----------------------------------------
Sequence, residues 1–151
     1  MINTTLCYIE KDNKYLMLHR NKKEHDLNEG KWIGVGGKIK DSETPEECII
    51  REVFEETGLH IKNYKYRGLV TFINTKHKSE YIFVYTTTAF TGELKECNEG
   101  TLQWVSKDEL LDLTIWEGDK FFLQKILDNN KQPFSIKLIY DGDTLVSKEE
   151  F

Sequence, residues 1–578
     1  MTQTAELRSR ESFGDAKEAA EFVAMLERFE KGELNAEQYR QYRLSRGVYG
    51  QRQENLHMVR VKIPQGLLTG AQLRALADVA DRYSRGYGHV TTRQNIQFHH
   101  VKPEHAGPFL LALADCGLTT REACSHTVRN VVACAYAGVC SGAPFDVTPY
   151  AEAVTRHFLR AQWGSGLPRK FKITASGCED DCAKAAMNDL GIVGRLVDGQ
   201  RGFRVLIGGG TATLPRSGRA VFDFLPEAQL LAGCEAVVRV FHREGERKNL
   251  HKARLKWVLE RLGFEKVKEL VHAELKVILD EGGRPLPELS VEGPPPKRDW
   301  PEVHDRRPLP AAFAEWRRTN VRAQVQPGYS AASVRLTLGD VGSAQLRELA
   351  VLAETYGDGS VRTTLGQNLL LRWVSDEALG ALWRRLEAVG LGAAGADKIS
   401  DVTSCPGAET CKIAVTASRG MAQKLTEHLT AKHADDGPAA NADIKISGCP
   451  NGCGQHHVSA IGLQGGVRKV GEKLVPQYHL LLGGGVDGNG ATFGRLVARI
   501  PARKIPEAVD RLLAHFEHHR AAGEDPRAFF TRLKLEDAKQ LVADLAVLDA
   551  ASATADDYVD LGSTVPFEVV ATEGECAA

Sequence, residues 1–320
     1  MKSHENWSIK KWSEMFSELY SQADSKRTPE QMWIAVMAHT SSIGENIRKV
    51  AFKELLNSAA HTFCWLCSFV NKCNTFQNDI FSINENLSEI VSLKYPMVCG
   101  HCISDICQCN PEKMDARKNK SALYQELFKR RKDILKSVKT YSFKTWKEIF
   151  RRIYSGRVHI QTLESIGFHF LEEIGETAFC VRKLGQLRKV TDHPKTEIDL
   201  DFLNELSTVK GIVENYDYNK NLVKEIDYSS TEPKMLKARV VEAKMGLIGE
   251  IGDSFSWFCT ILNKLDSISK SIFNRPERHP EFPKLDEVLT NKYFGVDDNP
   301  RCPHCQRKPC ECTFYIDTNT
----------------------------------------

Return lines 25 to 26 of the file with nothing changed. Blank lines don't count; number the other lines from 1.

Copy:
   251  IGDSFSWFCT ILNKLDSISK SIFNRPERHP EFPKLDEVLT NKYFGVDDNP
   301  RCPHCQRKPC ECTFYIDTNT